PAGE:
The Cape honey bee or Cape bee, also known as Kaapse bye (Afrikaans); Inyosi (isiXhosa), nyoxi (Xitsonga), is a southern South African subspecies of the Western honey bee. The Cape bee is only found in the Western Cape and parts of the Eastern Cape (in the fynbos areas), while the African honeybee subspecies is native to central and most of southern Africa.
These beautiful insects play a big role in stimulating the economy of the Western Cape through pollinating fruit and vegetable crops, and honey production. Humans also value the wax to make candles, furniture polish, soap and cosmetics and other art and crafts, like jewellery design and manufacturing.
The honey bee is the cornerstone of our ecology; we love and appreciate them so much that we had to create our own Honey Bee Jewellery collection.
What sets them apart from honey bee subspecies is that the workers can lay diploid, female eggs, by means of thelytoky, while workers of other subspecies (including unmated females of virtually all other eusocial insects) can only lay haploid, male eggs. The Cape honey bee`s stripes are also darker in colour compared to other honeybees.
Cape Honey Bee Conservation Status
Officially the Cape honey bee is classified as not threatened, but in reality they face diminishing forage resources, diseases, as well as problems caused by the improper use of pesticides and insecticides in the environment.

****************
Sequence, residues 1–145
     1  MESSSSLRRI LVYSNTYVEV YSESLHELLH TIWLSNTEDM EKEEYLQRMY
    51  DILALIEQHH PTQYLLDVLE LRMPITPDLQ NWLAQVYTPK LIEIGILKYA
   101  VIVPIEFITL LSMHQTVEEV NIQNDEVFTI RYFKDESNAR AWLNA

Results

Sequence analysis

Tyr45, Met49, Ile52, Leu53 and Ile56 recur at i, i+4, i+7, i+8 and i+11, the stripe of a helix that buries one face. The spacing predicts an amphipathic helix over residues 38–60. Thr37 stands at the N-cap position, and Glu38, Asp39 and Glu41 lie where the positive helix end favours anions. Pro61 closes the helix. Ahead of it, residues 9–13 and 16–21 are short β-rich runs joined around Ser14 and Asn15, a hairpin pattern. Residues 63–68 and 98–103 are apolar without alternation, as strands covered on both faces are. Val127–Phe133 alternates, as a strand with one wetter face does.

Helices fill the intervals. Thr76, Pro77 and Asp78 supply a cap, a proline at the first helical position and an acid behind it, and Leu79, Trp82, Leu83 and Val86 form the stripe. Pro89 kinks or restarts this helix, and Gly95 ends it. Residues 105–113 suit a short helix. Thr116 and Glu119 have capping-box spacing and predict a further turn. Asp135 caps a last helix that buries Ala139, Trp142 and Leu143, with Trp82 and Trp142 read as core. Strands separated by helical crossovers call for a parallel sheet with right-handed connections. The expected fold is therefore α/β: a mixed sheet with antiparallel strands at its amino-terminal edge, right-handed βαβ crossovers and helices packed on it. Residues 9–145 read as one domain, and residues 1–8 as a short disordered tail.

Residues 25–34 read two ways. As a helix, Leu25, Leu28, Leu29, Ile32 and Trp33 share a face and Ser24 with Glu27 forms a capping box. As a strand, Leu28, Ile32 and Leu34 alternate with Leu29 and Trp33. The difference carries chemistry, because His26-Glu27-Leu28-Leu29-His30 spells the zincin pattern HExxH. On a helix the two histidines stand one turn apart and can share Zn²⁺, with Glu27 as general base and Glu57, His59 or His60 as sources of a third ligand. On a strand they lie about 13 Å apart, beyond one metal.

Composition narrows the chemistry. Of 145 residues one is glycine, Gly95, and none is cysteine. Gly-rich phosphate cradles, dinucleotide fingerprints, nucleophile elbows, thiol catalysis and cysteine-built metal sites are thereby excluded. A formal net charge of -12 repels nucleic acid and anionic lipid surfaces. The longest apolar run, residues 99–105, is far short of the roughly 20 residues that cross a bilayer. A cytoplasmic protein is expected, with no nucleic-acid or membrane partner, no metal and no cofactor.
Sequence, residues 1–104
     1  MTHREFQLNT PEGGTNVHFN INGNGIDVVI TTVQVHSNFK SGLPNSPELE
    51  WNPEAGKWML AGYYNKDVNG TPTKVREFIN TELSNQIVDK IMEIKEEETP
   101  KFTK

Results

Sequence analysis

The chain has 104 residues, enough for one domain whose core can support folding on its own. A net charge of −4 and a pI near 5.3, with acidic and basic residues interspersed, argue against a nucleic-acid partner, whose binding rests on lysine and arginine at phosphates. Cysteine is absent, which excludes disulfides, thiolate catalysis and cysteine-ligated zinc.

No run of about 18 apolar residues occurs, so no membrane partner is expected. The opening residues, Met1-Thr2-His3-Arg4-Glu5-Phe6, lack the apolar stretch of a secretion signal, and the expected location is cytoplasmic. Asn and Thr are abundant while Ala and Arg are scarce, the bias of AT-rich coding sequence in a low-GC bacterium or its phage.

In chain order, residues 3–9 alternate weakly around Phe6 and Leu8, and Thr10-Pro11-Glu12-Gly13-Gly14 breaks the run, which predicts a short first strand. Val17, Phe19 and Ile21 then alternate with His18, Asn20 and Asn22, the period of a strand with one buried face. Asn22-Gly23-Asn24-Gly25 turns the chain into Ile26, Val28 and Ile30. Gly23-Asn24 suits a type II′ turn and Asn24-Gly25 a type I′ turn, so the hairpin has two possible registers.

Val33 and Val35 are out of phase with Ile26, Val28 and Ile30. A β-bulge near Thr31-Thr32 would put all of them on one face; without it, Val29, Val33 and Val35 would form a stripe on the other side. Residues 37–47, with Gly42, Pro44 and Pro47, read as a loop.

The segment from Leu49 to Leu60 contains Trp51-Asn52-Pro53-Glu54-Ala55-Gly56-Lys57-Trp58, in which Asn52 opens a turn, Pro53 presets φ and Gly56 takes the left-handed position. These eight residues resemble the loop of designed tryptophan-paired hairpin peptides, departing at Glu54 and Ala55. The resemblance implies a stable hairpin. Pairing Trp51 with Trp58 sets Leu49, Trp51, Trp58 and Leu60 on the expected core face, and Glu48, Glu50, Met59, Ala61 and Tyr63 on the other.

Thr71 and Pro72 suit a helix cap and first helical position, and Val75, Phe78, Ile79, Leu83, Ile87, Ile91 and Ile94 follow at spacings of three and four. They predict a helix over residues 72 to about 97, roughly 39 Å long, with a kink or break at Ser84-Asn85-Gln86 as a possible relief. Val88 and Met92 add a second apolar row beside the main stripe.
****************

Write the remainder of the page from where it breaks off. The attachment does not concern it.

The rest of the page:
In December 2008, American foulbrood disease spread to the Cape honey bee population in the Western Cape and an estimated 40% of the region’s honey bee population was infected and wiped out by 2015. More than 300 hives were destroyed and more were threatened with starvation during the tragic Knysna fires in 2017. A further 700 hives were destroyed in the Thronhill area due to additional fires at the same time.
South Africa also face a unique problem in that the Cape honeybee can become a social parasite if introduced in the other subspecies (A. m. scutellata) range. To remedy this, a dividing line has been drawn to separate the area in which A. m. scutellata and A. m. capensis can be used for beekeeping activities and no bees may be transported across the demarcation line.
Visit SANBI for more information about our Cape honey bees.
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